Tuesday, 12 December 2017

Canadian Farmers Work Long Hours, Net Little

Written by Posted On Tuesday, 26 June 2001 00:00

According to Statistics Canada , the old adage that farmers toil from sun-up to sundown certainly seems to be true. Canadians who dream of owning their own farm must understand that saving the down payment and earning enough to pay off the mortgage just marks the beginning of their commitment to this type of real estate.

Traditional farming couples who work on large farms generating over CN$100,000 in annual sales spent an average of 100 combined hours a week on farm work, while those on small farms with sales between $10,000 and $100,000 devoted 71 total hours, based on data from the Canadian Agriculture-Population linkage database.

The 66,690 husband-and-wife-operated farms evaluated in the 1996 Census accounted for 24 percent of all Canadian farming operations and 22 percent of total farm production. Almost 50,000 farming couples had sales over $10,000 and 48 percent of these couples ran "traditional" family farms in which both husband and wife worked exclusively on the farm. Two-thirds of the remaining 52 percent of husband-and-wife teams spent 20 or more hours per week employed off-farm.

Almost three-quarters of couple-run dairy farms were operated by traditional farmers whereas the great majority of specialty farms such as horse, goat, mink, rabbit, llama, bison and Christmas tree operations, as well as 62 percent of cattle ranches, were run by couples where at least one worked off-farm. Farms with livestock demand more time. For example, depending on the size of the operation, a dairy farm may require 86 to 108 hours a week compared to a wheat-growing venture which may average 62 to 93 hours of labour weekly.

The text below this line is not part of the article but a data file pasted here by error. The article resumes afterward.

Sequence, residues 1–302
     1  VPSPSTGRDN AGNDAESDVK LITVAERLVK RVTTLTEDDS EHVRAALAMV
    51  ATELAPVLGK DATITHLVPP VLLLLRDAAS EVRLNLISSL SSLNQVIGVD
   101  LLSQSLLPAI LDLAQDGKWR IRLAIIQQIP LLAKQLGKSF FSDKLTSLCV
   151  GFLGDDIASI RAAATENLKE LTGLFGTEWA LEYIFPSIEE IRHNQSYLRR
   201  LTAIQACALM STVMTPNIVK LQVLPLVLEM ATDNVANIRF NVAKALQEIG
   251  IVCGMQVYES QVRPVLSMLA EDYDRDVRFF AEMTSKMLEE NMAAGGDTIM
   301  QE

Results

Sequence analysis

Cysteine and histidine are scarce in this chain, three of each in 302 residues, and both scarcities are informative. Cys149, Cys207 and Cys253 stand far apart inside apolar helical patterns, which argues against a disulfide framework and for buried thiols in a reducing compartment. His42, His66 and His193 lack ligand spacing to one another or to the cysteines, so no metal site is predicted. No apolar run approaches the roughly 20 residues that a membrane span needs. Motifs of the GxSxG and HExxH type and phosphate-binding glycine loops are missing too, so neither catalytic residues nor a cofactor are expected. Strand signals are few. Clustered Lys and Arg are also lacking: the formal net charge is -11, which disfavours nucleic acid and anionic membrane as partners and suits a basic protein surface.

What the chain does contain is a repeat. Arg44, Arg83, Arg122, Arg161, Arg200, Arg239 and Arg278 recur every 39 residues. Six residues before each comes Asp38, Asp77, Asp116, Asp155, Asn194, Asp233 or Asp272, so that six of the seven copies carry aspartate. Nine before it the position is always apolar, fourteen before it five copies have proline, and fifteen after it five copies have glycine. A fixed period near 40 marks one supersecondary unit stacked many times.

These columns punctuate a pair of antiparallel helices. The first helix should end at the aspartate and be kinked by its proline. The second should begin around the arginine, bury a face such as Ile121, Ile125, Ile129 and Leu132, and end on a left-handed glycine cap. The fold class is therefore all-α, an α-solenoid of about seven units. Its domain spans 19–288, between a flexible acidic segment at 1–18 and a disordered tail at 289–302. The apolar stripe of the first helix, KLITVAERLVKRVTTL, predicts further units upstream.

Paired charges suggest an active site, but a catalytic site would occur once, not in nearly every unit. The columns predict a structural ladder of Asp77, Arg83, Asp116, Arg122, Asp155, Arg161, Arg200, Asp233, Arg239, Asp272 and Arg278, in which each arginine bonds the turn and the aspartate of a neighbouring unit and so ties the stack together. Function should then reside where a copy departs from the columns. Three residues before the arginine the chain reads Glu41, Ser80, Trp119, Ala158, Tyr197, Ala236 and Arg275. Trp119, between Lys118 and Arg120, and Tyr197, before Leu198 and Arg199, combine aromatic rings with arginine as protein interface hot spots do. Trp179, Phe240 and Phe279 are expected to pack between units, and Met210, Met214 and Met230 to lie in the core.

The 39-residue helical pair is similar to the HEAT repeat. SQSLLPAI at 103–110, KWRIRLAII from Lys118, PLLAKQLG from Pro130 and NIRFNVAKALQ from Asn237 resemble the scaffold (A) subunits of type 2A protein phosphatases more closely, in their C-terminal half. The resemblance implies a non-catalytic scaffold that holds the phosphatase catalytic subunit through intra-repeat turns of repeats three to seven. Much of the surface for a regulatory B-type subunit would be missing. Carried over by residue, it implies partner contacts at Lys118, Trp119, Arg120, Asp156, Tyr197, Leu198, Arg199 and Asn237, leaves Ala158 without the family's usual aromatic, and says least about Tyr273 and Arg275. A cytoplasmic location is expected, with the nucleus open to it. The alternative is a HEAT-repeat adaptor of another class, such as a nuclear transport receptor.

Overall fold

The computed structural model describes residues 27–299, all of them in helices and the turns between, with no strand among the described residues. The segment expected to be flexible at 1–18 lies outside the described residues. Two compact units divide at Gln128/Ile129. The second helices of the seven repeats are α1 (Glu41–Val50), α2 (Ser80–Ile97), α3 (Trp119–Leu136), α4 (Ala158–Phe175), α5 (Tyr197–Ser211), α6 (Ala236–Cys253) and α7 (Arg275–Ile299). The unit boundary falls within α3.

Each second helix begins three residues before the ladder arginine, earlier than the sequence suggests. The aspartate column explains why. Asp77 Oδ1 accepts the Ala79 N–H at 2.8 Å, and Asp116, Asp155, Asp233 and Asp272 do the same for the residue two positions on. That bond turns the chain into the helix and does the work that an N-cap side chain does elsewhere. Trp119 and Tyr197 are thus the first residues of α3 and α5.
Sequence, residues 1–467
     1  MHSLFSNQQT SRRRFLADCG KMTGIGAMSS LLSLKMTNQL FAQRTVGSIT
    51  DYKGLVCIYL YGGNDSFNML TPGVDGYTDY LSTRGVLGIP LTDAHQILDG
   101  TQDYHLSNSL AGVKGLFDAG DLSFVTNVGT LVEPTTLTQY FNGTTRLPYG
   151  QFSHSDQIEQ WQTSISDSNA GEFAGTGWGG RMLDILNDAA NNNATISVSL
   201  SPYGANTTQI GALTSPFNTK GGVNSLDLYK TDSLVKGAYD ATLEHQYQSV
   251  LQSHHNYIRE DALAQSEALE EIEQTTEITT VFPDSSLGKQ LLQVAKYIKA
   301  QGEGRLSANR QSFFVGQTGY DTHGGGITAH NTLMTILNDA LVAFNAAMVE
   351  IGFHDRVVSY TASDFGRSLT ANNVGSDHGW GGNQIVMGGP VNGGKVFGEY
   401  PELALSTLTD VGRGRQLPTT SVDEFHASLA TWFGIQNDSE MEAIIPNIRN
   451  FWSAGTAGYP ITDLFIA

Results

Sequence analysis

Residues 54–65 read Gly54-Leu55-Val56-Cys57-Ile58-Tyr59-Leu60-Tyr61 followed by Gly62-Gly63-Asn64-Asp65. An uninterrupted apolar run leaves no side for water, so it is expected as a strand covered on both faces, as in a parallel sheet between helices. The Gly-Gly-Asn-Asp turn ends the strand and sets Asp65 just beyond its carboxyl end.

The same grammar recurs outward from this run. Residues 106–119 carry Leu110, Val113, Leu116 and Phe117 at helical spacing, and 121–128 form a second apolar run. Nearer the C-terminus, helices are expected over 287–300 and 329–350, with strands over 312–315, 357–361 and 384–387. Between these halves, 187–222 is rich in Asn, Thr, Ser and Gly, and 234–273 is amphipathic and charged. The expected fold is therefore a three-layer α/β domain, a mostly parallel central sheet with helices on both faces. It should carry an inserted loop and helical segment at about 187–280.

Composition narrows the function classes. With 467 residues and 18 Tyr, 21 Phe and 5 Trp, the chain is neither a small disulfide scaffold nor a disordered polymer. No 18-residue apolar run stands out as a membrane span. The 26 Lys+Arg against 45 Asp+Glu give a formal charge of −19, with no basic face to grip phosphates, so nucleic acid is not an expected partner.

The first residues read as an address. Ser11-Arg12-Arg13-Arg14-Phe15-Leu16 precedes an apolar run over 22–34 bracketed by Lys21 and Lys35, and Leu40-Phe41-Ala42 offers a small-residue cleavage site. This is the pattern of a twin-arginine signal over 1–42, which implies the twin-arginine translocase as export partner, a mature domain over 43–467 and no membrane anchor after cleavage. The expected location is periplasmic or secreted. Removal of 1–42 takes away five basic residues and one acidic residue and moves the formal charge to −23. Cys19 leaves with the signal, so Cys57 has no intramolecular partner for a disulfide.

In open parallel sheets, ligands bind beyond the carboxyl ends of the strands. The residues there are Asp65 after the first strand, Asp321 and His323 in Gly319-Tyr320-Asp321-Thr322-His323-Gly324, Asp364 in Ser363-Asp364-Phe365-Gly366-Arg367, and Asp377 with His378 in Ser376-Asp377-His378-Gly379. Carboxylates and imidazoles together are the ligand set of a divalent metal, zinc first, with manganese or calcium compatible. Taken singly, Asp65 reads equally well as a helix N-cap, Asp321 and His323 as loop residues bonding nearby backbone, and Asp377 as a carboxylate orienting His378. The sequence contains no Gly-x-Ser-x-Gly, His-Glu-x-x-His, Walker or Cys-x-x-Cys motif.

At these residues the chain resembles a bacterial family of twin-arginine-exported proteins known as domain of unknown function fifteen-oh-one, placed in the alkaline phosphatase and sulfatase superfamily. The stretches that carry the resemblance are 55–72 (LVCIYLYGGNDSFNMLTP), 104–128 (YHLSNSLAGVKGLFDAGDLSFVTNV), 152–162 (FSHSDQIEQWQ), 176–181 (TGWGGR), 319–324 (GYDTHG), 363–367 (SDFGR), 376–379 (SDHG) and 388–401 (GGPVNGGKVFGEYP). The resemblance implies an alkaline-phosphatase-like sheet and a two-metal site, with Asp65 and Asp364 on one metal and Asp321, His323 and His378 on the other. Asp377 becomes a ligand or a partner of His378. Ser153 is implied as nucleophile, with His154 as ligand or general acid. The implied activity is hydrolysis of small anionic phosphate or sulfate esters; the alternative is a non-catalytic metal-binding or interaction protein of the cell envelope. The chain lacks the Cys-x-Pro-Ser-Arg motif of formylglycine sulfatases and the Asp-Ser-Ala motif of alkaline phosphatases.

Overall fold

Wives on dairy farms did a smaller share of the farm work (50 percent) than did those on wheat farms (55 percent) or specialty farms (75 percent).

Whether you buy a farm or inherit one, commitment to a 7-24-365 lifestyle is an important step in running a successful agricultural operation.

Raised on the farm he now owns, Manitoban Doug Smith returned from university and started his own 1000-acre operation in 1980. About ten years later, he added 2000 acres by buying his father's farm. He and his wife, Margaret, now work about 5000 acres in wheat and canola with the help of one hired hand. Margaret takes an active role on the farm and handles all the bookkeeping. The farm is large by local standards since the average area operation is about 1500 acres.

"People think that if we earn $120 per acre that's good, but if it costs us $150 to grow an acre of wheat, which then sells for $3 a bushel, at 40 bushels to the acre, we would lose $30 on the wheat acres," said Doug. These estimates are based on costs alone and do not factor in the hours of labour contributed by the Smiths.. "Our gross income is over $1 million dollars with a lot of big cheques going in and out. Not much stays here. We net only a very small fraction."

Whether off-farm work is a necessity or helps gather capital to expand the operation, non-traditional farming couples seemed better off financially. In 1995, even though 67 percent of non-traditional farmers earned less than $10,000 from farming, 82 percent of these couples reported total personal incomes of more than $25,000. In contrast, about 52 percent of traditional farming couples earned less than $10,000 from their farm, but only 72 percent had total personal incomes over $25,000.

"Save a few bucks and put some away for the future," says Doug, who acknowledges that federal income tax provisions benefit farmers. "[Saving] is something a person should do if possible. Being self-employed, there won't be a Canada Pension Plan for us and, being self employed, we don't have an employee benefit plan."

Buying a farm means buying a uniquely absorbing way of life. Are you ready for it?

For more articles by P.J. Wade, please press here .

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PJ Wade

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